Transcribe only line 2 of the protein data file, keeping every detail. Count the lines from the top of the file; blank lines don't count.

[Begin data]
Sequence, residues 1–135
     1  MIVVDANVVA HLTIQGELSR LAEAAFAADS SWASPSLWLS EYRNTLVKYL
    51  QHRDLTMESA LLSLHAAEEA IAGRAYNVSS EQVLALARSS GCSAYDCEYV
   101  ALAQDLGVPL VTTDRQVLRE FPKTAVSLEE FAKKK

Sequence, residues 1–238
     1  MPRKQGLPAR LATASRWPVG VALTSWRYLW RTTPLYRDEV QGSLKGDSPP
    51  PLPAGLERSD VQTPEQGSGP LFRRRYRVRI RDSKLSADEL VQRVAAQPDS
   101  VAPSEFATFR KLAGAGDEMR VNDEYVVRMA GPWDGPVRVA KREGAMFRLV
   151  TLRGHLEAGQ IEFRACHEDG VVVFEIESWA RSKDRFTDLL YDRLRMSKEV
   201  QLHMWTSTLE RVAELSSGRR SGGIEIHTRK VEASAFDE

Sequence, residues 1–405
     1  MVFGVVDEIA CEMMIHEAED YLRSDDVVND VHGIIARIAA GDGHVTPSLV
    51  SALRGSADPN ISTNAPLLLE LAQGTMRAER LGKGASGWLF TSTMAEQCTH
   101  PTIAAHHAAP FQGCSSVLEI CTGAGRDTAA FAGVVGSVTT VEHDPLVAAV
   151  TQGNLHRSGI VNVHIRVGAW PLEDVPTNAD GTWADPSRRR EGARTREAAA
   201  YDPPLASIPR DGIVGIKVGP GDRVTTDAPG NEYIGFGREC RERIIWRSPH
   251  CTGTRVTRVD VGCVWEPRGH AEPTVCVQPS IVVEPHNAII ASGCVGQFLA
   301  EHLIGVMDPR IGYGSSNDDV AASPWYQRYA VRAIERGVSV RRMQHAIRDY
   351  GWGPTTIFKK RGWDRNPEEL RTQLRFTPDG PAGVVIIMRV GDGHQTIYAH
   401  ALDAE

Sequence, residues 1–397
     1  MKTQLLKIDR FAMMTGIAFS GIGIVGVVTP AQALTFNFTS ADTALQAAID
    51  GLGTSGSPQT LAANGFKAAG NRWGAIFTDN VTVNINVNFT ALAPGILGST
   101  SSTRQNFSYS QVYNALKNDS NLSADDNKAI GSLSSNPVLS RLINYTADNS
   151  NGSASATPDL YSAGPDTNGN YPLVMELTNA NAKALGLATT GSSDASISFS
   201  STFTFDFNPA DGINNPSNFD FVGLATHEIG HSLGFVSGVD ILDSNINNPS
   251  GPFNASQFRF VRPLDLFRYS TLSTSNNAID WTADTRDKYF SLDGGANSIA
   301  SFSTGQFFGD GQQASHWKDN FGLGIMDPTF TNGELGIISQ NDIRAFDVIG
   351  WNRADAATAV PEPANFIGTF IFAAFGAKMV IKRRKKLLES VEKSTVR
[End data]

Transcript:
     1  MIVVDANVVA HLTIQGELSR LAEAAFAADS SWASPSLWLS EYRNTLVKYL